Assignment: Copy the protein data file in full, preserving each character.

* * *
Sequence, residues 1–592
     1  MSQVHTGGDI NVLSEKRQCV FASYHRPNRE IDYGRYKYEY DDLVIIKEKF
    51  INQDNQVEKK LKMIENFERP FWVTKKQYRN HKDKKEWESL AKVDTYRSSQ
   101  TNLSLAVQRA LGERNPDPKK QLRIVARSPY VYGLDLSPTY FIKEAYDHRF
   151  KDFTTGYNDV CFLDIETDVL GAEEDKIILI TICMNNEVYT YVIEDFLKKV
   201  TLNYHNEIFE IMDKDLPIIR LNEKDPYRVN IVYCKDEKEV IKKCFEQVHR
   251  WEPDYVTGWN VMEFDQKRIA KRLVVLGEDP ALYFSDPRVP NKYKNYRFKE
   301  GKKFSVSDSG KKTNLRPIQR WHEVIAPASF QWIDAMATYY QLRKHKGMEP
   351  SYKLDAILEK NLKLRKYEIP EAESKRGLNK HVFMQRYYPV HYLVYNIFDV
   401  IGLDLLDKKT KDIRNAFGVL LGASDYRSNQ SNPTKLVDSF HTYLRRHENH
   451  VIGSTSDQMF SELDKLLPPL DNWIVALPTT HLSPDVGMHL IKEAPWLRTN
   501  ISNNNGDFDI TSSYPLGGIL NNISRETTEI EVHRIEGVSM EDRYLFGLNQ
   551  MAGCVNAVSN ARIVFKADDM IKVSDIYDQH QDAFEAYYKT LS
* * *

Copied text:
Sequence, residues 1–592
     1  MSQVHTGGDI NVLSEKRQCV FASYHRPNRE IDYGRYKYEY DDLVIIKEKF
    51  INQDNQVEKK LKMIENFERP FWVTKKQYRN HKDKKEWESL AKVDTYRSSQ
   101  TNLSLAVQRA LGERNPDPKK QLRIVARSPY VYGLDLSPTY FIKEAYDHRF
   151  KDFTTGYNDV CFLDIETDVL GAEEDKIILI TICMNNEVYT YVIEDFLKKV
   201  TLNYHNEIFE IMDKDLPIIR LNEKDPYRVN IVYCKDEKEV IKKCFEQVHR
   251  WEPDYVTGWN VMEFDQKRIA KRLVVLGEDP ALYFSDPRVP NKYKNYRFKE
   301  GKKFSVSDSG KKTNLRPIQR WHEVIAPASF QWIDAMATYY QLRKHKGMEP
   351  SYKLDAILEK NLKLRKYEIP EAESKRGLNK HVFMQRYYPV HYLVYNIFDV
   401  IGLDLLDKKT KDIRNAFGVL LGASDYRSNQ SNPTKLVDSF HTYLRRHENH
   451  VIGSTSDQMF SELDKLLPPL DNWIVALPTT HLSPDVGMHL IKEAPWLRTN
   501  ISNNNGDFDI TSSYPLGGIL NNISRETTEI EVHRIEGVSM EDRYLFGLNQ
   551  MAGCVNAVSN ARIVFKADDM IKVSDIYDQH QDAFEAYYKT LS